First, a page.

This paleontologist studies ancient mammal movement — virtually

Anne Kort uses 3-D software to piece together pictures from the fossil record 

Anne Kort takes a selfie in front of High Falls at Tettegouche State Park in northern Minnesota. She's wearing a blue baseball cap and a teal backpack.

Anne Kort uses 3-D software to study fossils and learn how animals evolved to move. Outside of the lab, she enjoys playing video games, visiting museums and hiking. Here she takes on High Falls at Tettegouche State Park in northern Minnesota.

A. Kort

Like most little kids, Anne Kort was fascinated by dinosaurs. But by high school, she had become interested in other kinds of prehistoric life. “I just wanted to learn about everything that wasn’t a dinosaur,” says Kort. “I like all the weird things.”  

She found one weird thing while working on her master’s degree. She was studying fossils from an extinct mammal called Patriofelis ulta. This catlike carnivore stalked the U.S. West roughly 50 million years ago. CT scans revealed something special about the beast’s vertebrae.  

The backbones of animals have special protrusions that help the pieces fit together. Called articulations, they help keep the spine stable. The vertebrae of Patriofelis, though, didn’t look like those of today’s mammals. They had interlocking parts that “fit together like a lock and key,” says Kort.  

A single vertebra sits against a white background. It is light gray with dark gray mottling. Two projections booking each end with a single protrusion jutting out from the top.
In graduate school, Kort used CT scans to study the lower backbones of the extinct predator, Patriofelis ulta. Protrusions bookending each vertebra interlocked in a way not seen in today’s mammals.A. Kort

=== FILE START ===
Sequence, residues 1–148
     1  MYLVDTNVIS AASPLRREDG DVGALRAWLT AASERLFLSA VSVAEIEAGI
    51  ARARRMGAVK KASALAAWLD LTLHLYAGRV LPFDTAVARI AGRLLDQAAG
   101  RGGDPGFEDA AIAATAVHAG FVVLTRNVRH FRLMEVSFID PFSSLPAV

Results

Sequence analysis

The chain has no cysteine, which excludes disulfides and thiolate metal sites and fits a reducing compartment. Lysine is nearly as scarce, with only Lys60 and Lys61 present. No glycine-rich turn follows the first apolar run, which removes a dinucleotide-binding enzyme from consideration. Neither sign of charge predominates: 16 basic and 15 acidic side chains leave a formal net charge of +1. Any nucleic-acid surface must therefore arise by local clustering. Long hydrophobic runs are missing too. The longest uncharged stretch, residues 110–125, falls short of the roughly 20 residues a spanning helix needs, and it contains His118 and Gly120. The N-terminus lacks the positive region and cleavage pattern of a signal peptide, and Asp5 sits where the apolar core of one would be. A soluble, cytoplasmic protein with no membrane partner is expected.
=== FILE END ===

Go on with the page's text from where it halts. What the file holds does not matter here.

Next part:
Now a vertebrate paleontologist at the University of Michigan in Ann Arbor, Kort uses computers to study how mammals evolved to move. Studying fossils virtually allows Kort to examine specimens in ways that are impossible by hand. She even makes YouTube videos teaching others how to study fossils using 3-D software available to the public. In this interview, she shares her experiences and advice with Science News Explores. (This interview has been edited for content and readability.)   

What inspired you to pursue your career? 

In college, I wanted to do science but not physics or chemistry. Earth science sounded cool, so I decided to do it. I thought it was about trees, rocks and water. But it is just geology in disguise. I still ended up loving it. 

During my junior and senior years, I ended up working on CT scans of modern rodent jaws. We were trying to identify similar-looking species from just their jaw bones. We could then go back and identify those same species in the fossil record. That let us track how their ranges changed during the Ice Ages. That’s how I got started with 3-D data and paleontology. I wasn’t that interested in the rodent jaws, specifically, but I loved everything else about the research. 

What was one of your biggest setbacks and how did you get past that?